These “matters addressed” need not be the only things the Commission recommends. The bill merely says the “[t]he matters addressed by the recommended best practices developed and submitted by the Commission … shall include [the ten things outlined in the bill].” The Commission could “recommend” more — and the AG could create whatever conditions to Section 230 liability he felt he could get away with, politically. His sense of shame, even more than the courts or Congress, would determine how far the law could stretch.
It wouldn’t be hard to imagine this AG (or AGs of, sadly, either party) using the bill to reshape moderation practices more generally. Republicans increasingly argue that social media are “public fora” to which people like Alex Jones or pseudo-journalistic outlets like Gateway Pundit have First Amendment rights of access. Under the same crazy pseudo-logic, the AG might argue that, the more involved the government becomes in content moderation through whatever conditions he imposes on Section 230 immunity, the more essential it is that website operators “respect the free speech rights” of users. Ultimately, the Commission would operate as a censorship board, with murky but enormous powers — and the AG would be the ultimate censor.
If this sounds like a crazy way to make law, it is! It’s free-form lawmaking — not “we tell what you must do” (and you can raise constitutional objections in court) but rather “we’re not gonna tell you what to do, but if you don’t want to be sued or prosecuted under vague new sex trafficking laws, you’d better do what we tell you.” Once the Commission or the AG strays from “best practice” recommendations that strictly related to CSAM, then the floodgates are open to politically motivated back-door rulemaking that leave platforms with no input and virtually no avenue for appeal. And even if the best practices are related to CSAM, the way the Commission makes what amounts to law will still be unprecedented, secretive, arbitrary and difficult to challenge in court.
Other Key Aspects of How the Bill Would Work
The bill would operate as follows:
The bill allows 90 days Commissioners to be appointed, 60 days for the Commission’s first meeting, and 18 months to make its first set of recommendations — 25 months in total. The leaked draft leaves blankr the window in which the AG must issue his “best practices.”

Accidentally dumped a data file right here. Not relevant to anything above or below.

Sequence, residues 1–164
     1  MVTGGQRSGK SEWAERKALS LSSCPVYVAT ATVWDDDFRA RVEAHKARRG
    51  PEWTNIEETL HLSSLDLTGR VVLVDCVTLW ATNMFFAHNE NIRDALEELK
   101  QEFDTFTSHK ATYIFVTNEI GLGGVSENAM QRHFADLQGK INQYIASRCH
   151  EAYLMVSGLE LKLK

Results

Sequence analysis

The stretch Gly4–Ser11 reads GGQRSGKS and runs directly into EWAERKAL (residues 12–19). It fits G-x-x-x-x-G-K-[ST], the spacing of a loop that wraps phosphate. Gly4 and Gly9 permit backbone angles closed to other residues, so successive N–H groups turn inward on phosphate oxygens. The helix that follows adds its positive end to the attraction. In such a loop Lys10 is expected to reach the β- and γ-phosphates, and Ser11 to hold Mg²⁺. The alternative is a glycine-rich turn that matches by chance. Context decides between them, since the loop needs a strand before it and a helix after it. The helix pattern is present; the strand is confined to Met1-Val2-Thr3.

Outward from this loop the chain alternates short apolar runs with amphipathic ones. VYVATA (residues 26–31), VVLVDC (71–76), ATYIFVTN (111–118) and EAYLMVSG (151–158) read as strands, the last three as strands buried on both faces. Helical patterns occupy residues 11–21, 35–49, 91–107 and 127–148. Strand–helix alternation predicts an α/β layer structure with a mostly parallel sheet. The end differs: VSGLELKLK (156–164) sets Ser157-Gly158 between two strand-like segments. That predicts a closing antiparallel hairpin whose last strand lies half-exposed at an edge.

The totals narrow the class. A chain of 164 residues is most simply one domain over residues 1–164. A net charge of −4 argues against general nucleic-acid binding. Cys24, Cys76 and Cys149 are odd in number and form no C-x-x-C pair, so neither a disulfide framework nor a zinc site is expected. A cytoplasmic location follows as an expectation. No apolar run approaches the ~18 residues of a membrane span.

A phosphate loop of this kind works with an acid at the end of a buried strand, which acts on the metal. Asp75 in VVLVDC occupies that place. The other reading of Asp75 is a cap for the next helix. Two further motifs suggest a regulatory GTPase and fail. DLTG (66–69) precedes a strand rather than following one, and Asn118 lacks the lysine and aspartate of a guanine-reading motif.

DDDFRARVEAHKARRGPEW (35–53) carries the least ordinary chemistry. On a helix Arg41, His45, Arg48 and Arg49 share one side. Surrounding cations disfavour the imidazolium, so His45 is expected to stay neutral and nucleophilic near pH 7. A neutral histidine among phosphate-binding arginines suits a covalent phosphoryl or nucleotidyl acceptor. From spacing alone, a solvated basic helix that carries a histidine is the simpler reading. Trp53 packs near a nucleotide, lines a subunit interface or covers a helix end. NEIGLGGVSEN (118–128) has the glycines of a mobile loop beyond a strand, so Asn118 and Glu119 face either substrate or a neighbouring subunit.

Those would de facto requirements would not become legally valid until publication in the Federal Register — which usually takes a month but which sometimes drags out indefinitely.
Operators would have 1 year to submit a written certification of their compliance.
If, say, the next administration drags its feet and the AG never issues “best practices,” the bill’s amendments to Section 230 and criminal law go into effect four years after enactment — creating sweeping new liability for CSAM and removing Section 230’s protections.
The Commission and AG will go through the whole farce again at least every two years.
The bill also grants DOJ broad subpoena power to determine whether operators are, in fact, living up to their certification of compliance with the AG’s “best practices.” Expect this power to be used aggressively to turn tech companies inside out.
In the end, one must ask: what problem is the Graham bill trying to solve? Section 230 has never prevented federal criminal prosecution of those who traffic in CSAM — as more than 36,000 individuals were between 2004 and 2017. Website operators themselves already have enormous legal liability for CSAM — and can be prosecuted by the Department of Justice for failing to cooperate with law enforcement, just as Backpage executives were prosecuted under Federal sex trafficking before SESTA-FOSTA (and plead guilty).
The Graham bill seems to be designed for one overarching purpose: to make services that offer end-to-end encryption effectively illegal, and ensure that law enforcement (and the intelligence agencies) has a backdoor into every major communications platform.
That would be outrageous enough if it were done through a direct mandate, but doing it in the roundabout way Graham’s bill proposes is effectively a backdoor to a backdoor. Unfortunately, that doesn’t mean the bill might not suddenly move quickly through Congress, just as SESTA did. Be ready: the “Cryptowars” may finally turn very, very hot.